jump to navigation

(Audio)book review: The Long Run by Matt Long March 14, 2011

Posted by shwaldman in Fitness, Society.
Tags: , , , , , , , , , , , ,
trackback

People run for many reasons. It is a very personal sport or hobby for those who participate. I consider myself a runner, even though I often go a few weeks (or rarely) months without running. So, I have taken to listening to various books about running lately. But I have to say this book wasn’t as much about running as it was about life. It was about what a person can do when faced with adversity. In this case, the word “adversity” does not even begin to describe what Matt Long went through. On the morning of December 22, 2005, this New York City firefighter was cycling to work (due to the illegal transit strike) when he was struck by and sucked under a charter bus making an illegal turn (chartered by a large well-known financial institution).

Long goes into excruciating detail about the injuries he suffered, the heroic efforts that doctors performed and his painful recovery. Long received amazing support from his fellow firefighters, New Yorkers and of course his whole family and friends. It was a moving story of pain and obstacles overcome. It is one of those stories that I say I hope I would be able to be that strong if I was ever faced with such a horrific accident. Long had a goal of completing an Ironman triathlon (2.4 mile swim, 112 mile bike, 26.2 mile run) which is a difficult challenge for even the healthiest of people. That goal was the driving force of his recovery.

With all that is going on in this world today, I was moved even more by this story for a very different reason. Long was a fit runner (having completed the New York City Marathon) two months before the accident in an impressive (and Boston qualifying) 3 hours 13 minutes. He was also preparing to complete his first Ironman triathlon. Even with this, when Long arrived at the hospital, the doctors initially gave him a 5% chance of surviving. While his training may have caused the accident, his fitness gave his body the extra chance to survive, it was the drive that he held to compete athletically that gave him the power to more than just survive.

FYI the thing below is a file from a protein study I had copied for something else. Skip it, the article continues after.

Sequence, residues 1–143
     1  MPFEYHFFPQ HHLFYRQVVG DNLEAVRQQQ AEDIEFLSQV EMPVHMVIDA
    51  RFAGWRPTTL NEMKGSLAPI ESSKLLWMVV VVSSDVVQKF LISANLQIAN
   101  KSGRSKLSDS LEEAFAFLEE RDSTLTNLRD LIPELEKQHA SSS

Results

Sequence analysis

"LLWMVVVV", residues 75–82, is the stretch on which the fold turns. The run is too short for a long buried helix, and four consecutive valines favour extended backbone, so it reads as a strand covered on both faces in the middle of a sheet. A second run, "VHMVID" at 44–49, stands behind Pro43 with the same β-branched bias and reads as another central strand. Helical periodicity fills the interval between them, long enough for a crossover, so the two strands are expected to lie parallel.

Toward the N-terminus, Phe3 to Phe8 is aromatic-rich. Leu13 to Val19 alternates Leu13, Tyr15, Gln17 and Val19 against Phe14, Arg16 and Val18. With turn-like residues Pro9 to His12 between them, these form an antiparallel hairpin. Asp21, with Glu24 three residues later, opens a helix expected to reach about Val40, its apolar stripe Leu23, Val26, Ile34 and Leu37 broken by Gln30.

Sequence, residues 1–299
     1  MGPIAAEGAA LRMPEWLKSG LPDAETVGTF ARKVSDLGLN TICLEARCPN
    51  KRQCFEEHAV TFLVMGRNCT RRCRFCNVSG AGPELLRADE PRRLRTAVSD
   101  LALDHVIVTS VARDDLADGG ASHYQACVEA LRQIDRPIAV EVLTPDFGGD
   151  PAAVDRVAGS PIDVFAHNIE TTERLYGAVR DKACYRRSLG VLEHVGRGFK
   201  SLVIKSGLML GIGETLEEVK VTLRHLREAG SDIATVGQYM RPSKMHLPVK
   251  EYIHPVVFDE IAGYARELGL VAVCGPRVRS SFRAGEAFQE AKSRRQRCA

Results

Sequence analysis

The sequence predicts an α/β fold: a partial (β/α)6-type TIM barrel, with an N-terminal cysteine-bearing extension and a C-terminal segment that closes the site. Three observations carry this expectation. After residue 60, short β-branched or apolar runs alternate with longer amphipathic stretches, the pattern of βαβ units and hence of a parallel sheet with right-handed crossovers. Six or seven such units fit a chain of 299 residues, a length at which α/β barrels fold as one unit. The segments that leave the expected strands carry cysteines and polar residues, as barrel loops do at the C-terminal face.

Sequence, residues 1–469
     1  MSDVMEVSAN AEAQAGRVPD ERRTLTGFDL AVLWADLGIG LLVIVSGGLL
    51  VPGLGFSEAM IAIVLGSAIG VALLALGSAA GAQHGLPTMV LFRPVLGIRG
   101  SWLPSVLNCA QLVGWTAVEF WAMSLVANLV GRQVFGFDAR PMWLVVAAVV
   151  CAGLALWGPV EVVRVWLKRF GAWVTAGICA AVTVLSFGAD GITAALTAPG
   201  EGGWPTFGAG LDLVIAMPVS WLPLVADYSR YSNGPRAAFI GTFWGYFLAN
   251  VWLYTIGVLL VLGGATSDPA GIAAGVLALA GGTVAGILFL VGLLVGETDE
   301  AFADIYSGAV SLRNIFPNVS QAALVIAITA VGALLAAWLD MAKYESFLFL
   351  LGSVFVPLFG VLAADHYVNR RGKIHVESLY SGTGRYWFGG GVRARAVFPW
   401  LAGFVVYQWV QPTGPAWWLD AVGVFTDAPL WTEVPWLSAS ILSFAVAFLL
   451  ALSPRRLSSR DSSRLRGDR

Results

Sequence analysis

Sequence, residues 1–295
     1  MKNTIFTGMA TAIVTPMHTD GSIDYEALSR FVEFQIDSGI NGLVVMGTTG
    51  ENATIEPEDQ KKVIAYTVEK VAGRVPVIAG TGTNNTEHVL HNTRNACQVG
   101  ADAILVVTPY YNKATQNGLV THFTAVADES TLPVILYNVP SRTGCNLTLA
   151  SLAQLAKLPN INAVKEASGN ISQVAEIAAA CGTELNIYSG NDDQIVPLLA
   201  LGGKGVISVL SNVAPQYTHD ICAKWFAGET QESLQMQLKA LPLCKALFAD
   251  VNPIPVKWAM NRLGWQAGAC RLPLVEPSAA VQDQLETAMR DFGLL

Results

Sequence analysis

But (and I am sure this could be misintrepted, so keep reading…) I think the thing that gave Long the greatest advantage was his position as a public service employee. We have recently had incredible public debate about healthcare reform in this country. And many states are debating the “merits” of the cost vs benefits of tax payer funded public employee benefits. I have a couple of points here, so please bear with me. When the rescue team arrived at the scene, there was a need to save a person trapped under a bus. When that person became a firefighter, one of their own, everything changed. I am not a doctor and I was certainly not there, but it seemed in listening to this story, that the doctors went beyond what they normally would have done for an average person. But that isn’t even the point. In listening to this story, I do not recall more than once that Long described money as an object. He went through 40 surgeries and spend months of time in the hospital and rehabilitation. Long is a business owner and a fireman. He is a working class man. Financial strains of medical problems much less than this one have destroyed people of much more wealth. Of course, I do not know if there was any sort of financial settlement was made by the city, bus company or any other party. My main point is this… Every person in America should have the opportunities that Matt Long had. It is clear though, the Long’s determination is unmatched.

This book is inspiring – plain and simple. Matt’s goal was about running and competing, but the point is more that set one and made a decision to achieve it. It was a magnificent story listening to him work to that end. I highly recommend.

Advertisements

Comments»

No comments yet — be the first.

Leave a Reply

Fill in your details below or click an icon to log in:

WordPress.com Logo

You are commenting using your WordPress.com account. Log Out / Change )

Twitter picture

You are commenting using your Twitter account. Log Out / Change )

Facebook photo

You are commenting using your Facebook account. Log Out / Change )

Google+ photo

You are commenting using your Google+ account. Log Out / Change )

Connecting to %s

%d bloggers like this: